90 per cent of NASA’s works are collaborative projects, mostly international: Ed Hoffman

Express caught up with Ed Hoffman, former chief knowledge officer at NASA and academic director, Columbia University, who spearheaded the US-based non-profit Project Management Institute.

Published: 16th July 2018 04:26 AM  |   Last Updated: 16th July 2018 12:53 PM   |  A+A-

NASA. (File photo)

Express News Service

KOCHI: Why do projects, no matter their scale or size, fail to deliver on their promised results or incur prolonged delays? A scenario quite too common in a fast-paced developing country such as India. This is where the concept of ‘project management’ comes to the fore.

Ed Hoffman

Pioneering the field in India is the US-based non-profit Project Management Institute (PMI) with eight chapters here, which through its certification programmes plans on improving the organisational project success rate and mature the profession of project management.

Express caught up with Ed Hoffman, former chief knowledge officer at NASA and academic director, Columbia University, who spearheaded this field by setting up the NASA Academy of Project Management way back in 1986. He was in Kerala to attend the PMI’s annual project management conference - Waves 2018.

Edited excerpts from the interview

Project management is just taking off in India. Do you think the efficiency of people working in projects will change if it is taken up seriously?

I think there is a level of professional commitment that is essential to be efficient. Although I am not familiar with all the projects here, I believe that an effective project management in every organisation will improve the effectiveness of projects. Approaches to build up capability among professionals will add to the development of the country. There is an increased level of scepticism among people when a project takes off... the public will say ‘good’ only when they see results.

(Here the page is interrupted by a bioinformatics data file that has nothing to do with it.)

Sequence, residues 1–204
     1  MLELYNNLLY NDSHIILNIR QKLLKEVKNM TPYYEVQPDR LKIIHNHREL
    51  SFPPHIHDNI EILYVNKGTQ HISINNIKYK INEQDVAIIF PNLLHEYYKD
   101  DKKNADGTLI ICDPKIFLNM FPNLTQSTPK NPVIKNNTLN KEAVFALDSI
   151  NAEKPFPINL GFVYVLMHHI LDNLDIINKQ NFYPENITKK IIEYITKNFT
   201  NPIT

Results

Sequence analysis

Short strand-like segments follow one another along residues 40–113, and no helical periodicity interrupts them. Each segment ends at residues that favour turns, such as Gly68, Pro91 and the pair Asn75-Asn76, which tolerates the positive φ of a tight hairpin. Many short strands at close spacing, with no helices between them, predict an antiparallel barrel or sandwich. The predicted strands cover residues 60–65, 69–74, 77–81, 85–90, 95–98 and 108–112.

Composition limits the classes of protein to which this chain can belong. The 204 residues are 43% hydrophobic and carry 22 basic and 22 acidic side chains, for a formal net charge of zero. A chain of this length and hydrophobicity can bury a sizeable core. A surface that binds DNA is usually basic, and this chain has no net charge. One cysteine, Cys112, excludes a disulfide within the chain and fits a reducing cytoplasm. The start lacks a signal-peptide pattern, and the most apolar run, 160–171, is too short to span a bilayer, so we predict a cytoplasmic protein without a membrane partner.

What are the top challenges that a project manager faces?
It is a very demanding role. The first challenge is understanding human nature. We have different people in different sectors speaking different languages; by languages, I don’t mean spoken or written words but the way they speak based on what they do. A spirit of respect has to be created between people, which results in a collaborative environment.

The next challenge is disruptive change, especially when it comes to technological changes. The world is changing rapidly and it is sometimes very daunting.
A project leader is also required to understand the issues of people; if you take care of people, they will take care of you. Establishing a relationship with people in a team is another complex task as it is hard to analyse people and know what is going on with them.

Every department at NASA is different. Do you deal with different departments uniquely or is it a collective approach?
I would say it is a collective approach. We have an orchestra of talents from different countries at NASA. Ninety per cent of the works there are collaborative projects, which are mostly international.
Everything NASA does is for science and it teams up with people from all over the world to create scientific explosions. Hence, collaborating effectively and collectively setting up teams play a significant role in the productivity of a system.

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